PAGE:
All About That Word

Holy Bible on  the Pulpit

The Bible is Central

The Bible has always been central to the life of the Christian church. The ancient Hebrew stories, songs, prophecy and wisdom that saturated the Jewish world of Jesus’ day greatly shaped even Jesus himself as he lived on the earth. The earliest Christians explored the Scriptures in an attempt to understand what Almighty God had accomplished through Jesus, and as a result, they planned to shape their lives accordingly. Today, we continue to study the Scriptures to discover how to live and thus, how to worship.

Scripture has never been merely a reference book for answering questions or a recipe book to create certain results, though it could possibly be used as such. From the very beginning Scripture has been given a prominent place in the church’s worshiping life, indicating that it has been understood to not only be part of the church’s thinking but also part of the church’s worship. Scripture is the foundation of all Christian worship in that it reveals God to the worshiper – what He has done in the past, what He is doing in the present, and what He will do in the future – and shows us what the appropriate response should be as we worship in spirit and truth (John 4:23-24).

Less Word, More Everything Else?

If the importance of the Word is foundational to Christ–followers, why has Scripture fallen from its once prominent place in the Christian life? In spite of all the emphasis we evangelicals have placed on the importance of the Bible, there seems to be a crisis of the Word among us.

In a 1993 survey, 1033 American pastors described their highest ministry competencies as Scriptural knowledge (85%), teaching (83%), and preaching (81%) (George Barna, Today’s Pastors: A Revealing Look At What Pastors Are Saying About Themselves, Their Peers, and the Pressures They Face, Ventura: Regal 1993, 70-71). As a result, the conclusion can be made that the Bible is important to the church, as it should be.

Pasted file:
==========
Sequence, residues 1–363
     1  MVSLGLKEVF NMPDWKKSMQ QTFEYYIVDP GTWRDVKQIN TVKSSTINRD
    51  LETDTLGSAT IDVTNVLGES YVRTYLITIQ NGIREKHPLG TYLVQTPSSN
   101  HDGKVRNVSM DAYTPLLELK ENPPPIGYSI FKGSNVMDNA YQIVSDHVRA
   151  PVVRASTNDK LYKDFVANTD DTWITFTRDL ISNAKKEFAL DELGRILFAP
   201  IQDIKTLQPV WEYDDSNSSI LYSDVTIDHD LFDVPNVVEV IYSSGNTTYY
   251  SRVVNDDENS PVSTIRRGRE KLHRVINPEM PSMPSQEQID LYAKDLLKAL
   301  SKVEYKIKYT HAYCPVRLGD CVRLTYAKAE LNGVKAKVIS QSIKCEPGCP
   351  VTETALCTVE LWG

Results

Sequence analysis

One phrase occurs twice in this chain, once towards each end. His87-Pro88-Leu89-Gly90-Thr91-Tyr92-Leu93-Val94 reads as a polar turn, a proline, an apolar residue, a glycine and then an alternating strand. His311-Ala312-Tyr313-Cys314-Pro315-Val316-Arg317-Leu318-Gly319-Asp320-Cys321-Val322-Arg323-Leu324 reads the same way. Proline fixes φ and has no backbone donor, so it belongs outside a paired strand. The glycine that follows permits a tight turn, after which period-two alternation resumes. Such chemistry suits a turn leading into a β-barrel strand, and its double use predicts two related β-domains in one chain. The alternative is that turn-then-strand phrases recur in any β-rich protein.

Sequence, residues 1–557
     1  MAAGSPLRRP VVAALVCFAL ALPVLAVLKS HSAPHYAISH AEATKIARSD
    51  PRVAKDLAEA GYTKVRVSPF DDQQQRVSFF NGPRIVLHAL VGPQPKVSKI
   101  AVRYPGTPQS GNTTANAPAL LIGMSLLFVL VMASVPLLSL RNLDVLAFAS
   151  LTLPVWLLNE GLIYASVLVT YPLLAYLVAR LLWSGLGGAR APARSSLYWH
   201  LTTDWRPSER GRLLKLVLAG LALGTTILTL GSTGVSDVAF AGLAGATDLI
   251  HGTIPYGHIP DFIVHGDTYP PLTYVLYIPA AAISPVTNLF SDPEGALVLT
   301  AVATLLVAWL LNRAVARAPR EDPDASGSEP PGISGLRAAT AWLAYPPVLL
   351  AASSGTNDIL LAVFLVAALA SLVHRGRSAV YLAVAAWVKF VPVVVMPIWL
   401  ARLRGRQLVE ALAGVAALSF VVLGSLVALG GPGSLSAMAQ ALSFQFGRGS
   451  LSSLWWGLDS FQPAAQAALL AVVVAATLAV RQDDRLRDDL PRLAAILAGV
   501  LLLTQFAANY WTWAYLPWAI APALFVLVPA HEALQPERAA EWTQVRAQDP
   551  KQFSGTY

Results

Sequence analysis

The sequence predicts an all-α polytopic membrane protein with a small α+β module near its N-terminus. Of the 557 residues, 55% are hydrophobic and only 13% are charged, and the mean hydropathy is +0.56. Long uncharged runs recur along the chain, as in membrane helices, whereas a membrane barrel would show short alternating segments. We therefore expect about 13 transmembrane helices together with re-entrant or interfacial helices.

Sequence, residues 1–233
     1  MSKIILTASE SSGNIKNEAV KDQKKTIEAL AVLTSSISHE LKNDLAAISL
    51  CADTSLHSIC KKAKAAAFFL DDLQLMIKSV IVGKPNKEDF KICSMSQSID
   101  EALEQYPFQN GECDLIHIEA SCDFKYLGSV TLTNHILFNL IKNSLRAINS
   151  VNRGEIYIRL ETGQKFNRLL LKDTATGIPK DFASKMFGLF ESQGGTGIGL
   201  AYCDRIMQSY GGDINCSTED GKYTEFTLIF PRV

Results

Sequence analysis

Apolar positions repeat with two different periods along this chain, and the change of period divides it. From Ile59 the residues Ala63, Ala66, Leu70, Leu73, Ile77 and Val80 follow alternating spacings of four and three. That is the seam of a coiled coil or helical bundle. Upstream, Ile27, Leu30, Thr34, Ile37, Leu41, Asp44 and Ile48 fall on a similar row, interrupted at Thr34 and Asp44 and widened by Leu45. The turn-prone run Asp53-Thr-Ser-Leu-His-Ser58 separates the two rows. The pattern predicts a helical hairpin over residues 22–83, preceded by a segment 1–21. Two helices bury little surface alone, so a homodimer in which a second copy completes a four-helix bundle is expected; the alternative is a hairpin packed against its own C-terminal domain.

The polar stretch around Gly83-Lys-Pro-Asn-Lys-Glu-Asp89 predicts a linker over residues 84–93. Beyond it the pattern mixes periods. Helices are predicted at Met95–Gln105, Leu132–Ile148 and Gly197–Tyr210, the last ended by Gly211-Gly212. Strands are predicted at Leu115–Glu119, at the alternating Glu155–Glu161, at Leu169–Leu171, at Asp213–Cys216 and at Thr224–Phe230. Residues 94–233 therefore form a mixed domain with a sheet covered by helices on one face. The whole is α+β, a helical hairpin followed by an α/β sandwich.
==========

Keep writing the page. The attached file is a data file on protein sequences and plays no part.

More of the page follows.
However, in the average church, a different story is told of the congregation. The same study shows that most Christians can’t recite at least five of the Ten Commandments, can’t name the four Gospels, don’t know that Jesus is the one who preached the Sermon on the Mount, and think “God helps those who help themselves” is actually a verse in the Bible (Barna, 48-49). The researcher concludes that “Lay members are abysmally ignorant of the basics of the Bible…no amount of Bible-based preaching, scriptural teaching or small-group meetings moves the congregation to a higher plane of Bible knowledge…Obviously the Bible is not a high priority in the lives of most people” (Barna, 48).

Furthermore, the Bible no longer seems to be important in our corporate worship gatherings. Whereas in the past corporate worship services were filled with Scripture recitations, which included Old Testament, New Testament, Epistle and Psalm readings, the average evangelical church rarely incorporates each of these today. We have seen a trend of more singing and longer sermons, resulting in less and less Scripture reading. Most often, Scripture is relegated to the sermon, and even then, many sermons today are moving away from delving into the text for greater understanding and moving to focusing on a biblical thought, sometimes offering just a self–help type of message. The importance of Scripture is given lip service but is not given priority in our churches.

A Renewal of Scripture

My challenge to all of us who lead congregational worship is to strive toward a renewal of Scripture within our worship services. We should recite, read, present, think upon, pray, and sing the words of God. Read biblical passages to lay a foundation for the song you are about to sing; pray the words of Scripture over your people; invite the congregation to read a passage of Scripture together, unified in one voice; choose songs saturated with the word of God. Allowing Scripture to touch every aspect of our worship service encourages the congregation to hide God’s word in their hearts so they might live lives less of sin and more of Jesus.

Above all, we can be sure that God will use his words to transform his people through the power of the Holy Spirit – “for the word of the Lord is right and true; he is faithful in all he does.” (Psalm 33:4)